By Salima Mvula

NESTLED on the outskirts of Lusaka lies a vast piece of forestry covering

The conservatory boasts a Miombo woodland landscape, predominantly featuring species such as Brachystegia, Julbernardia, and Isoberlinia, commonly known as Muputu, Kabunga, and Mutobo respectively, which are integral to Zambia’s ecosystem.

These indigenous specimens serve multiple purposes, including botanical research, ethnobotanicalstudies, aesthetic appreciation, and educational endeavours focused on conservation.

In an effort to raise awareness about the importance of safeguarding Zambia’s native tree species, Wildlife Crime Prevention (WCP) Zambia, through its Women for Conservation initiative, recently organised an ‘Eco-walkand Tree-planting’ event at the Chifwema Arboretum.

On 08 March 2024 over 60 participants consisting of conservationists and nature enthusiasts came together to commemorate International Women’s Day as they embarked on a guided walk through the Chifwema Arboretum. Led by botanist Quentin Allen, the walk proved to be both visually stunning and intellectually enriching, with attendees gaining insights into the ecological benefits of the arboretum’s diverse flora.

Quentin enlightened the attendees on the diverse uses of the varying trees found in the arboretum, highlighting tree species such as the Mubanga tree which provides relief from pain when its root powder is applied externally to an affected area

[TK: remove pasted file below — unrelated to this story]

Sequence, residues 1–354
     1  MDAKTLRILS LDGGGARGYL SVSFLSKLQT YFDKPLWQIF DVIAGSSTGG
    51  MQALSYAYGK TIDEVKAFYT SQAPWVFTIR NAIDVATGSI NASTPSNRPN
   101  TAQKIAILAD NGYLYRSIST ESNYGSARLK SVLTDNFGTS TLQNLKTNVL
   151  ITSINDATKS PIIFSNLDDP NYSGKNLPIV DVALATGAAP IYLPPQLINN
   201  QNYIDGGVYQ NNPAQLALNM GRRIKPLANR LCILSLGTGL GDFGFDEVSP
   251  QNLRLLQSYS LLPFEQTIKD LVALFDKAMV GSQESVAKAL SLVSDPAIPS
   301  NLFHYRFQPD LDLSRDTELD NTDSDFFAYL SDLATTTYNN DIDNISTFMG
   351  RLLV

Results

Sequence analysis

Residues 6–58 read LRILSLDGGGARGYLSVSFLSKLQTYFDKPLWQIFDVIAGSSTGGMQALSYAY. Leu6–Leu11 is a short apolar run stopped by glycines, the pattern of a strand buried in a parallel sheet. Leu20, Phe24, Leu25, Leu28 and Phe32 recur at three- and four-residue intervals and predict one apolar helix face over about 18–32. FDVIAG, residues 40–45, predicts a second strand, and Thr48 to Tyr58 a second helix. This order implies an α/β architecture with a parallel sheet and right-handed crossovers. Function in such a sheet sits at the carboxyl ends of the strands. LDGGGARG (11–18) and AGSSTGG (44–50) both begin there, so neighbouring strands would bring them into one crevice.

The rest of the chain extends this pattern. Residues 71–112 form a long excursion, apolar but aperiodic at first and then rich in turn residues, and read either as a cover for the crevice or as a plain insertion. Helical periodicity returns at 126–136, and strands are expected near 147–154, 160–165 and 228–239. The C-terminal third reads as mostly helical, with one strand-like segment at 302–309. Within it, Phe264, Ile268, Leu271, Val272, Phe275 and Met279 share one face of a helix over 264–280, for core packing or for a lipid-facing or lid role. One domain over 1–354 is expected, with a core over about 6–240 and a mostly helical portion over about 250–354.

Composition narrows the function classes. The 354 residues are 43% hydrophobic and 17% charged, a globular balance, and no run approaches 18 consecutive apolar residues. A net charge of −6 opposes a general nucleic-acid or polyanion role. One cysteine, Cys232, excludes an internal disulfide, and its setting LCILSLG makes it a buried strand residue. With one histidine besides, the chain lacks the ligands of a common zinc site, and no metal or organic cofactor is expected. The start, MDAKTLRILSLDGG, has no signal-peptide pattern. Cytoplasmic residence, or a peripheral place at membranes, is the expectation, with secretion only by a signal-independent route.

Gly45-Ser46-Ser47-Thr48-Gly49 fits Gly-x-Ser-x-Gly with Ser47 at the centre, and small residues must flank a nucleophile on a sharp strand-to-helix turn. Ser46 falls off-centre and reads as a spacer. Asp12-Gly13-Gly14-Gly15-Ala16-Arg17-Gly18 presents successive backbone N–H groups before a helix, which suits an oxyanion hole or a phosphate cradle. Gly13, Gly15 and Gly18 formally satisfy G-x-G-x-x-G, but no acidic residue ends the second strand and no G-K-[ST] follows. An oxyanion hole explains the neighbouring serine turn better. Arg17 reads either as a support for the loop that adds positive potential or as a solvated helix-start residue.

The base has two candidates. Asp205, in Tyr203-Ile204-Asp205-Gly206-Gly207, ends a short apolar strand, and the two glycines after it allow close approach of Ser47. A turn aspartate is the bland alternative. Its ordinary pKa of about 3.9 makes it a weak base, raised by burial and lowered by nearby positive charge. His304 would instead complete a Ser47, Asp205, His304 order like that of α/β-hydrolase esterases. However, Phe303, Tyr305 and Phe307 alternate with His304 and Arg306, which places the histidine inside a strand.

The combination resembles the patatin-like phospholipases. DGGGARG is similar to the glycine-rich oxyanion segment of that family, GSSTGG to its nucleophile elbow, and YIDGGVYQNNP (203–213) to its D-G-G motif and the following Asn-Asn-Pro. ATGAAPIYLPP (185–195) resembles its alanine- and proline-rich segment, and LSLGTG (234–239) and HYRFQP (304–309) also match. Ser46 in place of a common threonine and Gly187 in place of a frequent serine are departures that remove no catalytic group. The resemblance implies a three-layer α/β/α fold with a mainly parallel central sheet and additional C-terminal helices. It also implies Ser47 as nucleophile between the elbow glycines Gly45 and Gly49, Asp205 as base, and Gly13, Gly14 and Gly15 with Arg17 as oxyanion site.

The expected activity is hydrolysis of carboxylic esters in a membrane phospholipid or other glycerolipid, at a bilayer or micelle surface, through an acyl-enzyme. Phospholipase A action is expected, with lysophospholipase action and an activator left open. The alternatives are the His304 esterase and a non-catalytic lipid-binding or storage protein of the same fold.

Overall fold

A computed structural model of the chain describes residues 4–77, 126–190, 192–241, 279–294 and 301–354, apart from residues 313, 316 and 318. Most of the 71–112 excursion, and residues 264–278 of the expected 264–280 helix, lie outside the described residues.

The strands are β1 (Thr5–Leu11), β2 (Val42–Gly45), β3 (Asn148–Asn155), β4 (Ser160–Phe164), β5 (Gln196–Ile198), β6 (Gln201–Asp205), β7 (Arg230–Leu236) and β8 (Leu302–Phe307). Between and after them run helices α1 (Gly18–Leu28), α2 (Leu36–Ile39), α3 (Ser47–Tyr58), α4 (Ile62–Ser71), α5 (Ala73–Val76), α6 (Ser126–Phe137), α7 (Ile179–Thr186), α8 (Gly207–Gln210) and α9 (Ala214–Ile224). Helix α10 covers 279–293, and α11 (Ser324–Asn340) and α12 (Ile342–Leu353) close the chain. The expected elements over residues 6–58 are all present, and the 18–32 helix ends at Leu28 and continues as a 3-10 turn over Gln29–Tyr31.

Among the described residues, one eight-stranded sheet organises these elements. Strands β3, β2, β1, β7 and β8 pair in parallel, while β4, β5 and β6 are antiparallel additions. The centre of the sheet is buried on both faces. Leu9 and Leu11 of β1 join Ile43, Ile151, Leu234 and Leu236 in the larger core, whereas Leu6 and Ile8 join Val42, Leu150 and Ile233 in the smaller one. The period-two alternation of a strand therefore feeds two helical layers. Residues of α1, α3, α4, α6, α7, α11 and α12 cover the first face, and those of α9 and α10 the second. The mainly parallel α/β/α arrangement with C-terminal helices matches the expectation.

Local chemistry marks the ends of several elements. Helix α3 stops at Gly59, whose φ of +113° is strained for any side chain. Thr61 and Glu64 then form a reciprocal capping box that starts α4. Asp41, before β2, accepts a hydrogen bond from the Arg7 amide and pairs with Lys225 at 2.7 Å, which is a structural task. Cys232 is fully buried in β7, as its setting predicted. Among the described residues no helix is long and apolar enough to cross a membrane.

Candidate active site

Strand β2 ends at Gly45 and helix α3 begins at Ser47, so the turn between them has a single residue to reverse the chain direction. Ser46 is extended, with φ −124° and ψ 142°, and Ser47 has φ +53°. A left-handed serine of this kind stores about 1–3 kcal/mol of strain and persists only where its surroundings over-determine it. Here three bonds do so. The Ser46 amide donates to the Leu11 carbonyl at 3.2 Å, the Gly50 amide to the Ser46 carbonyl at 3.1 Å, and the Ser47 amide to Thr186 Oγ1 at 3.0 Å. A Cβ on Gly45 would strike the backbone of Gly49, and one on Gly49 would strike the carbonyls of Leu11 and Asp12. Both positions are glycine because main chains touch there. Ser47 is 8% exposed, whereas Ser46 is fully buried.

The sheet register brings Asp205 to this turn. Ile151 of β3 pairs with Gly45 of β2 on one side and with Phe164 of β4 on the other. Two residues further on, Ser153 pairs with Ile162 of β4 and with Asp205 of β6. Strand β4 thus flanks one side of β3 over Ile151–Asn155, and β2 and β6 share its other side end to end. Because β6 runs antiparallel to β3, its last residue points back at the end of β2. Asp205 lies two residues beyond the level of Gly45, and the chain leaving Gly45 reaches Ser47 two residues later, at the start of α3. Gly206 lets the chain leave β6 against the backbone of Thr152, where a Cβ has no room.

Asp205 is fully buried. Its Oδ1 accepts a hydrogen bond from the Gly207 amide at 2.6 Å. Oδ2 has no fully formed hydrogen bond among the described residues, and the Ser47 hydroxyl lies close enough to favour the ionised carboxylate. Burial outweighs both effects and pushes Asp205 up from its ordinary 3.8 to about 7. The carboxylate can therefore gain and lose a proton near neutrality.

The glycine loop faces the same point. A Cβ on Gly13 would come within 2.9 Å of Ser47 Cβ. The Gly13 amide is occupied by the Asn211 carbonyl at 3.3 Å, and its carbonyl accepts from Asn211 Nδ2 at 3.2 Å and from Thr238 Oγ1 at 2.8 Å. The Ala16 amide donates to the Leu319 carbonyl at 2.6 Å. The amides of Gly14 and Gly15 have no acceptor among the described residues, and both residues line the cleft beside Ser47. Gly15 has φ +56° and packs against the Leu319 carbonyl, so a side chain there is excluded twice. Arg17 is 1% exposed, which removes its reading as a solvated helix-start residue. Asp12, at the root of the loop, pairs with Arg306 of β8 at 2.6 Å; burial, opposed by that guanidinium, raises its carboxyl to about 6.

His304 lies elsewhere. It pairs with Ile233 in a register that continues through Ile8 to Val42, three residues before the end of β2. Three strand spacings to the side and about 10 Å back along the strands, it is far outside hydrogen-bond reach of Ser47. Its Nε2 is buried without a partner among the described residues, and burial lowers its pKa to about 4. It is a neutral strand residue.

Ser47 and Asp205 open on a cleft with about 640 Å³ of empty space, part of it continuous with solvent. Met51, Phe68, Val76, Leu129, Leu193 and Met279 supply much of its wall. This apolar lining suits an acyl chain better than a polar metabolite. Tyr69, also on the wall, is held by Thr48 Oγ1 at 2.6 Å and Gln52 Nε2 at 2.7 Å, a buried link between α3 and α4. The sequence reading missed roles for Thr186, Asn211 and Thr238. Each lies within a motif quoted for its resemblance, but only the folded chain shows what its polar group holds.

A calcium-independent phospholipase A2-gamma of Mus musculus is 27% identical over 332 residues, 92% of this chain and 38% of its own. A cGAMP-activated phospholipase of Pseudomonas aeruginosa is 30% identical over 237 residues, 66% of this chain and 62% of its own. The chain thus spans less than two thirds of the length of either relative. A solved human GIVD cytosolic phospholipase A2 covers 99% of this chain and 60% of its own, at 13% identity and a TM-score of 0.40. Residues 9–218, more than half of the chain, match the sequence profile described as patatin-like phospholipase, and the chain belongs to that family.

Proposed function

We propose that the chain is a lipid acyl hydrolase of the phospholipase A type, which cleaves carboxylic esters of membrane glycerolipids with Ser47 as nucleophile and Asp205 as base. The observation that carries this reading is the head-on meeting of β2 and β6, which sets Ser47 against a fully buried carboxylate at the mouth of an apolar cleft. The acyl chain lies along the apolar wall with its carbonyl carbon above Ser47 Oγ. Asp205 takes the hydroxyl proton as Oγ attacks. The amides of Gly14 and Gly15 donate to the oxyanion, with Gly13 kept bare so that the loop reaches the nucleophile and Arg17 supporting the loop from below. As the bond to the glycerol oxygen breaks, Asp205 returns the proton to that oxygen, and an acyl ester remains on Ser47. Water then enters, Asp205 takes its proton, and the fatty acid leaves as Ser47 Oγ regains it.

. As well as the Carrot tree which is a multipurpose medicinal plant and can be used to treat pneumonia, asthma, and fever. Deriving its name from the carrot-like aroma it emits when its leaves are crushed.

following the educational walk, participants engaged in a collective tree-planting activity, symbolising their commitment to environmental stewardship. WCP Zambia honoured International Women’s Day by planting an Albizia Adianthifolia – The flat crown tree, and a Ficus Sur also known
as the Cape Fig, dedicating the latter to the memory of Richard Kunda Chimambo, a revered conservationist and environmental activist whose unwavering dedication remains an inspiration to all conservationists.

The event also offered attendees the opportunity to plant individual trees to nurture at home, fostering a sense of personal responsibility towards conservation efforts.

The Women’s Day celebratory event offered WCP’s Women for Conservation network a fun, relaxing and insightful morning of knowledge sharing.

It was the perfect setting that allowed the growing network to share their experiences and build relationships, in a pressure-free environment that deepened their appreciation for nature.

The Chifwema Arboretum which contains over 100 species of
trees aims to enhance knowledge and understanding of Zambia’s indigenous trees and plants, their ecology, and the benefits they bring to the environment, our climate,

and the wellbeing of humans and wildlife. Owned and managed by Clare Pope it also provides livelihood opportunities for those who seek to become involved in nature, the environment, and its conservation. Women for Conservation is an inclusive network that embraces all women, along with gender equality supporters and their allies, who are involved in or passionate about conservation in Zambia. It serves as a platform where individuals can regularly convene, exchange ideas, explore opportunities, and offer mutual support.

Established in 2017, Women for Conservation organises dynamic quarterly events designed to promote gender equality and amplify the role of women in conservation efforts.


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